Aviation manufacturing giant Rolls-Royce has today confirmed plans to raise up to £3bn from shareholders and government, as the company looks to recover the impact of the coronavirus crisis.
£2bn of the funding package includes cash raised from current shareholders through a five-year loan. However, the company wants to increase this by up to £1bn.
As a result of today’s announcement, shares opened 7% lower, which will see current shareholders offered new stock at discounted price.
The stock had already collapsed by 80% in the year to date before today’s announcement – the latest struggles faced by the firm. In August, Rolls-Royce reported a record half-year loss of £5.4bn. The firm has already made thousands of job cuts due to the impact of COVID-19 – with more potentially on the horizon.
The group’s half-year loss of £5.4bn for the first six months of 2020 follows losses of £791m a year earlier.
In total, 6,000 job losses will come from the firm’s sites across the UK.
Rolls-Royce Chief Executive Warren East said: “The sudden and material effect of the COVID-19 pandemic has had a significant impact on the commercial aviation industry. We are undertaking decisive and transformative action to fundamentally restructure our operations, materially reduce our cost base and improve our financial position. The capital raise announced today improves our resilience to navigate the current uncertain operating environment.”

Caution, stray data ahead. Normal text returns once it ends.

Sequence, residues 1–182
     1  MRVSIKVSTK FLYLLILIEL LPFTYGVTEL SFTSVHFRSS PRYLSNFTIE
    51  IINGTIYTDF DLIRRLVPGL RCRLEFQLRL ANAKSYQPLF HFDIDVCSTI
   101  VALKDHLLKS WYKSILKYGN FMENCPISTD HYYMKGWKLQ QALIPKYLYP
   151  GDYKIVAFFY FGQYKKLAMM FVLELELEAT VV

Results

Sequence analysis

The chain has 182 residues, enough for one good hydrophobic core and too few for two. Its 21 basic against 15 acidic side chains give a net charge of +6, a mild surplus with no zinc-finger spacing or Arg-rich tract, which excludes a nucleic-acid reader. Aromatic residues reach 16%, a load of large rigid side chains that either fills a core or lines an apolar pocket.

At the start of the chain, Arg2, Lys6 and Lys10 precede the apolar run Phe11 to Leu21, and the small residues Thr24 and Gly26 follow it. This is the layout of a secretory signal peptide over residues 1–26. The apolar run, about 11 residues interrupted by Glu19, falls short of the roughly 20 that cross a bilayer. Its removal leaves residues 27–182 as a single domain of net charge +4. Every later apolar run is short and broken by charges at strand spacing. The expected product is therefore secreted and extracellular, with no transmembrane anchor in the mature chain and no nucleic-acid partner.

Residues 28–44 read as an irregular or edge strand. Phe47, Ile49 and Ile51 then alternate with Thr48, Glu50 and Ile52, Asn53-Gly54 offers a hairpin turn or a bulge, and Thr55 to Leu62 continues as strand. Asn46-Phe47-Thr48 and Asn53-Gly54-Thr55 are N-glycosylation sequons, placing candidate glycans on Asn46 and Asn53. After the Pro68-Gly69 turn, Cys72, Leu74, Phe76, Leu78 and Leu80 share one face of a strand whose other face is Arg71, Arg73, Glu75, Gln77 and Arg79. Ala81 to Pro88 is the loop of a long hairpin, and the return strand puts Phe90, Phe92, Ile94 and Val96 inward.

Rolls Royce goes cap in hand to shareholders to navigate the COVID-19 crisis
Susannah Streeter, senior investment and markets analyst, Hargreaves Lansdown
Rolls Royce reckons going cap in hand to shareholders to raise £2bn is the least worst option, to help it deal with the crushing impact the pandemic has inflicted on its core business.
The aircraft manufacturer is in a bleak position given the collapse in international air travel. There is little end in sight for the falling demand for new planes and it’s already shed assets and announced mass job losses.
It had considered getting a cash injection from sovereign wealth funds in Singapore and Kuwait, but withdrew from those talks. It will instead raise another £1bn through the corporate bond market.
The 10 for 3 rights issue, should bolster liquidity and reduce balance sheet leverage and will need to be approved by shareholders at a general meeting on October 27.
Rolls Royce is also hoping to gain breathing space by arranging a new two-year loan facility of £1bn, conditional on the rights issue. It also has an agreement in principle from UK export finance to potentially increase the company’s existing £2bn five-year loan.
This should all give Rolls Royce a lot more room for manoeuvre to help it navigate the COVID-19 crisis. While civil aerospace has been a huge drain on the company, its defence and power systems business has already proved more resilient, the firm will be pivoting future investment into those operations as part of the restructuring programme.